We had just spent a long cycling day crossing the isles of Krk and Cres then were dropped by ferry on the Istria peninsula with a steep climb yet still ahead of us to reach our accommodations. Terrain here rises sharply from the sea. Then it was three tired and sweaty cyclists trying to find an address on downhill lanes that google maps chased us down. Some helpful neighbors corrected the problem and we were soon on a deck overlooking the sea far below us with three beers our host kindly provided happy to end our day. All that was left after showers was a hike back up 300 meters to the restaurant.

We questioned our middle aged waitress about how slow the tourism seemed to be. Was it too early in the season? Residual effects of COVID? “No, COVID has been over. That’s in the past. The season is not early. It’s the war. No one is traveling. The memories run deep here.”

For people here, the war between Bosnians, Serbians, and Croats in the 90’s was like just yesterday. The bullet scarred buildings, those shattered by artillery fire, and the rock skeletons left by bomb blasts we’ve seen in so much of Croatia reflect the even deeper scars in the people themselves. We in America can have no idea. Our battles have been overseas. Our homeland has been untouched since the Civil War. We are seeing remnants of destruction from World War I, from World War II, and of course the 90’s as we travel through Croatia. It must be gut-wrenching for them to see war erupt again in Europe.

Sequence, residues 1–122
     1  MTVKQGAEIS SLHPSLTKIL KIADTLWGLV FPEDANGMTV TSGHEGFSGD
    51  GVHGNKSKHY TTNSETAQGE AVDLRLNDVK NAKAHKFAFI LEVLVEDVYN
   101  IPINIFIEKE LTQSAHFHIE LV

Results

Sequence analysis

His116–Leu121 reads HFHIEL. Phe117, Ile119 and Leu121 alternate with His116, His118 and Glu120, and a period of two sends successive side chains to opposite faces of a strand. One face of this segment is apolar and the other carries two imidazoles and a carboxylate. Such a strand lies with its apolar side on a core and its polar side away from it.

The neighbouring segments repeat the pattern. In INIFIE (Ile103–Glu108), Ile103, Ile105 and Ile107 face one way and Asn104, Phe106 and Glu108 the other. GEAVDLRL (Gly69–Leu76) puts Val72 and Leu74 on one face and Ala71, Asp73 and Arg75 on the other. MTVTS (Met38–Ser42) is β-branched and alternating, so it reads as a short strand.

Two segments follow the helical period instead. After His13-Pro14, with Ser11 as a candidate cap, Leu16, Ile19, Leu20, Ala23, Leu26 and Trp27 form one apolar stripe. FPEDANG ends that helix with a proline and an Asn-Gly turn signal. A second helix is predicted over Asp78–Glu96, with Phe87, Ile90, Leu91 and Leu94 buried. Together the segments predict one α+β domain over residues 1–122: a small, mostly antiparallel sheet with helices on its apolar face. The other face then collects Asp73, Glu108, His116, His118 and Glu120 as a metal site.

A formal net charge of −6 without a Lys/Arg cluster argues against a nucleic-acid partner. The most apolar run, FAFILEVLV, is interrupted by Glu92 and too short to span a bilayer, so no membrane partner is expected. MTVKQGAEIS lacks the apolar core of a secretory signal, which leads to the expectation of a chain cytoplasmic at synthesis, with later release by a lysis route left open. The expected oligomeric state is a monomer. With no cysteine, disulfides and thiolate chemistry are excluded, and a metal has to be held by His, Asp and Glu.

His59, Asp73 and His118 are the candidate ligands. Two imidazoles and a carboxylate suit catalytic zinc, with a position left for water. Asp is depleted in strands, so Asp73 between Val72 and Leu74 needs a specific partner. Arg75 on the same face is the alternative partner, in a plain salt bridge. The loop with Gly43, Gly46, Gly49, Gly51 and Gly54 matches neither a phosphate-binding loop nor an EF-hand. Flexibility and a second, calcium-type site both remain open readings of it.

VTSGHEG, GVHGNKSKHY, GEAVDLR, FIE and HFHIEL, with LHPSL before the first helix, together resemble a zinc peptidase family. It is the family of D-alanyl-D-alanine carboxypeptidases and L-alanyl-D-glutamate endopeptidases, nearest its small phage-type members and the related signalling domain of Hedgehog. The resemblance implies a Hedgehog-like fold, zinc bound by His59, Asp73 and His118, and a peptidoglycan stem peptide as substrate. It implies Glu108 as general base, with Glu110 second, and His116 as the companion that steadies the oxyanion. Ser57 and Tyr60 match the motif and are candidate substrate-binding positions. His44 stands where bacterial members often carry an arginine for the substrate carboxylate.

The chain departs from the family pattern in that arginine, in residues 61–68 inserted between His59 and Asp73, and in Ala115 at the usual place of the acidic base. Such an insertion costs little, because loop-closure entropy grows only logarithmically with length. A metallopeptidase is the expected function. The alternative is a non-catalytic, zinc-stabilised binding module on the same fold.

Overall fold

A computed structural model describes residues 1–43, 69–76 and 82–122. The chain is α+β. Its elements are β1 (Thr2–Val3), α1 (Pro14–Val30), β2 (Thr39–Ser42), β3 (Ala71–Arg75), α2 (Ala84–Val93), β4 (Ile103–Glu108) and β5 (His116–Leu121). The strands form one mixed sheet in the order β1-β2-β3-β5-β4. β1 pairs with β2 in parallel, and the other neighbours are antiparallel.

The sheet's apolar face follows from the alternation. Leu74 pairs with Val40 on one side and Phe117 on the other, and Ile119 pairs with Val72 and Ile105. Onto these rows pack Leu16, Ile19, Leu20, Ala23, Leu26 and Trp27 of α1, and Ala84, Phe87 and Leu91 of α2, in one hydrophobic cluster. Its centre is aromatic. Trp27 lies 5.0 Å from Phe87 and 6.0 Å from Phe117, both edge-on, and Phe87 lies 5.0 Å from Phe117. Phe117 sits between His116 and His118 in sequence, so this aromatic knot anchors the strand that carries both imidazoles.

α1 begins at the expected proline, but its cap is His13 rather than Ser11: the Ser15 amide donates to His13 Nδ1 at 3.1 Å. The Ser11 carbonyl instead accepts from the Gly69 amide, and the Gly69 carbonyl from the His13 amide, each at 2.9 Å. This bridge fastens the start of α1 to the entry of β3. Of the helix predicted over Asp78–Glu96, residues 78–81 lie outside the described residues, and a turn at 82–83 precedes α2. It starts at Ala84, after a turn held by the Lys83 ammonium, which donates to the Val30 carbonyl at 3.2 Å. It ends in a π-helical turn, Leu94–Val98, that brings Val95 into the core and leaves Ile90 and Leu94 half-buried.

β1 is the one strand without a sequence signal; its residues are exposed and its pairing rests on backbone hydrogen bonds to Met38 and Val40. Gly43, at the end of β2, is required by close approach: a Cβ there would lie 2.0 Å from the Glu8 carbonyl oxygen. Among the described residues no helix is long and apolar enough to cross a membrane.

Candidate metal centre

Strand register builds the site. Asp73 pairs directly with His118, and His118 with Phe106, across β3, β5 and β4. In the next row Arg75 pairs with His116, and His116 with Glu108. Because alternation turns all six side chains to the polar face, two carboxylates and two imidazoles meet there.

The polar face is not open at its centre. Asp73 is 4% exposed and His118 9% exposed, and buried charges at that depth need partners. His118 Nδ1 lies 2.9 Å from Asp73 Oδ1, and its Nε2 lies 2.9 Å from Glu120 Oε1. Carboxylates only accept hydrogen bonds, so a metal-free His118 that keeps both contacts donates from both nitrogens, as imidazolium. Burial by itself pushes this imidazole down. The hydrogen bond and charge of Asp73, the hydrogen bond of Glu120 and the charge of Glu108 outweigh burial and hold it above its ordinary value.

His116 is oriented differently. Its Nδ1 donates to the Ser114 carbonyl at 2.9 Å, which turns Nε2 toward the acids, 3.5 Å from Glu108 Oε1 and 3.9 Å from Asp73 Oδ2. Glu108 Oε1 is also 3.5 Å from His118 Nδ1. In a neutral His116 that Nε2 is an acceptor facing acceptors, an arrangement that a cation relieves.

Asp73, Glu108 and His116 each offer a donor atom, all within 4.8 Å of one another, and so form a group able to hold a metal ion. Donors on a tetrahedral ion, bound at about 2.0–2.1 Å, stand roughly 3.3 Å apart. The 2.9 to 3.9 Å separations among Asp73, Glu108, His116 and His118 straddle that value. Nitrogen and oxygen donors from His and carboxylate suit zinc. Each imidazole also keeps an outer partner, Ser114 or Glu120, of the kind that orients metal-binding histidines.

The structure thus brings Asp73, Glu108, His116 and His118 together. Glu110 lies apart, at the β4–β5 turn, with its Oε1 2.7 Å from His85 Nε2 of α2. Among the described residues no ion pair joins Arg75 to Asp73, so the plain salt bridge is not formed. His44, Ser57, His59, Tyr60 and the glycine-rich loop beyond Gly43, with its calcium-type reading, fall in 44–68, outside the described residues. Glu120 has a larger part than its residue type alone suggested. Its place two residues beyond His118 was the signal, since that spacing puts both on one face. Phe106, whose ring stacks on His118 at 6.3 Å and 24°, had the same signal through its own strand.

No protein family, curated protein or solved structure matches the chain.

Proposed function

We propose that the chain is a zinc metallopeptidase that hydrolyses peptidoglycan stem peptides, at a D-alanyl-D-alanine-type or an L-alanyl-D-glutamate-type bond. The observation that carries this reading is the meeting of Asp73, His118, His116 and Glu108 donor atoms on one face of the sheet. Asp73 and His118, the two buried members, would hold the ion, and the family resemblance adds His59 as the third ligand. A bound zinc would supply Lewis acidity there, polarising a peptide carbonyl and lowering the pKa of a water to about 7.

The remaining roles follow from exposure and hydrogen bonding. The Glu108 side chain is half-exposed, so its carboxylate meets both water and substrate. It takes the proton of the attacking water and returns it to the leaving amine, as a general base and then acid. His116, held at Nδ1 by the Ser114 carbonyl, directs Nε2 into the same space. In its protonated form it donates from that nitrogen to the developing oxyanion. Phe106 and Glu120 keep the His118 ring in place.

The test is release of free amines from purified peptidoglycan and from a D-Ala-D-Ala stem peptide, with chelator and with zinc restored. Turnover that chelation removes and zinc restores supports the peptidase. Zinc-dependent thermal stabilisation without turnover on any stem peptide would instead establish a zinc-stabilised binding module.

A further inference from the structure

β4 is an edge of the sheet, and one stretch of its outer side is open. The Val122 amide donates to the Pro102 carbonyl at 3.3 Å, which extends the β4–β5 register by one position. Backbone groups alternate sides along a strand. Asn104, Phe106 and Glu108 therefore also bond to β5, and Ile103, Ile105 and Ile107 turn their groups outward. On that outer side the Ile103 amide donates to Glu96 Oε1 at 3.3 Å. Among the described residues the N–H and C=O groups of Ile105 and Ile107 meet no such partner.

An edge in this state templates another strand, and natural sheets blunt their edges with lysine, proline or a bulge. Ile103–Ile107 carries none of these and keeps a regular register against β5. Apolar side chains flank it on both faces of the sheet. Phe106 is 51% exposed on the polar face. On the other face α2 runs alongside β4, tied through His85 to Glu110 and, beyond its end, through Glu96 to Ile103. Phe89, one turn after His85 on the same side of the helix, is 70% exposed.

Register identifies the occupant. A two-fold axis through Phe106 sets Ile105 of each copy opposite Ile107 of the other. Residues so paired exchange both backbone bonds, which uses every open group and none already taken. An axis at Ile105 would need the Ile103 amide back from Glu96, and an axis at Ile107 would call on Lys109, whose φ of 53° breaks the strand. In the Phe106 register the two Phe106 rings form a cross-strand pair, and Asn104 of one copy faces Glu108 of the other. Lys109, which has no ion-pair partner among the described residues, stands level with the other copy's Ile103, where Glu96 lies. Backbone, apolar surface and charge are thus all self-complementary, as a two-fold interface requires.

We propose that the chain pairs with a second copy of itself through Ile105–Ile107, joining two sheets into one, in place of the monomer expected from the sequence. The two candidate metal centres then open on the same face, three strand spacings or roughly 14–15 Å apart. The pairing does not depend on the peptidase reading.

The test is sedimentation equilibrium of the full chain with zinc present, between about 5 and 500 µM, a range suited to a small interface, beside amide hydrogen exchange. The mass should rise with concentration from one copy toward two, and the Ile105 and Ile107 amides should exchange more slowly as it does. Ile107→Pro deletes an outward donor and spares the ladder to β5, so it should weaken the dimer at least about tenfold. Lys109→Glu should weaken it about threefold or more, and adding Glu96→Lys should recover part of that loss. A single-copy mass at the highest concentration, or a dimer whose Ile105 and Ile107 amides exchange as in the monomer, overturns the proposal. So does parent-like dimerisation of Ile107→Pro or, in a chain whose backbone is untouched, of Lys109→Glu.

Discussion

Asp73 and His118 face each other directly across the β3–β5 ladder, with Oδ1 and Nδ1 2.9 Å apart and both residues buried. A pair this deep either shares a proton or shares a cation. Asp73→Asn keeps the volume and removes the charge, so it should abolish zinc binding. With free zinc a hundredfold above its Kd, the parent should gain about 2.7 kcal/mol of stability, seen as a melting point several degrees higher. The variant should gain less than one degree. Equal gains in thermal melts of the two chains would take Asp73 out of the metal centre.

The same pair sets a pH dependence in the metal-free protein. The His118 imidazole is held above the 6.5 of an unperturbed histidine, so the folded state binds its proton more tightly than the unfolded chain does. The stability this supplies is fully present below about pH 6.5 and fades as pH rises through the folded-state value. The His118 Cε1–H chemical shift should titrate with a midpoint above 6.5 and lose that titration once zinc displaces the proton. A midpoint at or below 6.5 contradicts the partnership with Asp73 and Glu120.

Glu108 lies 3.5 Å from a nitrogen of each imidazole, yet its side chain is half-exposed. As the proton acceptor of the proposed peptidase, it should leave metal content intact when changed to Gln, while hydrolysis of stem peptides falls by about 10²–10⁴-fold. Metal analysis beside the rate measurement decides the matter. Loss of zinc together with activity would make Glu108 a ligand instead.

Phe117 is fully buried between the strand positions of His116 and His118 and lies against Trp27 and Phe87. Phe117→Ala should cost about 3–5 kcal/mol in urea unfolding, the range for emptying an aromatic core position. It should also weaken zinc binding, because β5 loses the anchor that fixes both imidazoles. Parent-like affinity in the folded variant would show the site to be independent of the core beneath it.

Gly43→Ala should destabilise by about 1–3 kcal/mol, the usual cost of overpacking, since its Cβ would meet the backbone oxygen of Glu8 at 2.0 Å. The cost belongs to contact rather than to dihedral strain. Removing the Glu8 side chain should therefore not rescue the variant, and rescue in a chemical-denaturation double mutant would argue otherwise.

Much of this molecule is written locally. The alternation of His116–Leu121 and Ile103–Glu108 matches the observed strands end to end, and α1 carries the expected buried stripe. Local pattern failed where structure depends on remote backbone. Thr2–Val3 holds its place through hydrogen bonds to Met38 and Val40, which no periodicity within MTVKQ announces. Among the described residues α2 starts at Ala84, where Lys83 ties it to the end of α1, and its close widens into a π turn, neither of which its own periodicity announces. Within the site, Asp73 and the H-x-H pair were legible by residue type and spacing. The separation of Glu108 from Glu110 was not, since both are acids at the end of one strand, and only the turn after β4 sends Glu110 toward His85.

Tonight at dinner we overheard a conversation between the waiter and a younger couple at another table. Ukraine had come up. Lindsay asked them as we left if they were from Ukraine. One was from Russia and the other from Ukraine. They had left a business in Ukraine, and fled the country with their child. The man shrugged the situation off but the woman’s glistening eyes reflected the pain.

6 thoughts on “Croatia

  1. A gruelling day for you all, followed by the realisation of the sadness that prevails in that part of the world.

  2. Yes Buck, its like that here in Australia, there has never been war here on our continent (well never that us whiteys have felt). Australian soldiers have only gone to war to help you lot or the British. Its funny/insidious how it sticks. My mother used to tell me about English soldiers ransacking her family home in the middle of the night looking for guns as my grandfather was a (suspected) IRA freedom fighter in the 1920’s. He actually was and was shot in the arm but never got caught. So It sticks with me a bit. We sat one night in a bar in Mostar in Bosnia and listened to a bar keeper who was 17 during their Balkan civil war. He told us that now the war is finished he knows that half? of the people in the town were killing his friends, knows some of them even. Well what a great trip up the Dalmatian coast you have had. It will be a bit different up the Istria coast if that is your route. My memory seems to recall more beachy and lower coastline. Not sure about the inland as I did not ride it. Slovenia is a way north for you but Bovec and the Soca river valley then the big mountain pass into the town of Kranjska Gora is a really fabulous mountain region. And back down through the Trigalev national park. Lake Bled is nice but was jam packed like Sardines when we were there as it is a very popular place because it is so beautiful.

  3. I’ve been wondering about what you see and hear about the affects of the wars. Such a terrible waste of human lives. Your so right, we do not have a clue. We feel so safe.
    I’m doing 20 minutes on the stationary bike without resistance. I feel like a little gerbil in a wheel. Going fast nowhere. Long ways to go, but I’m going! My best to the others.

    1. Hey Jini, glad to hear you’re making some progress with that leg. It’s got to be hard with spring in the air to be laid up. Great trip. Put it on your radar screen. Bob would enjoy this part of the world too.

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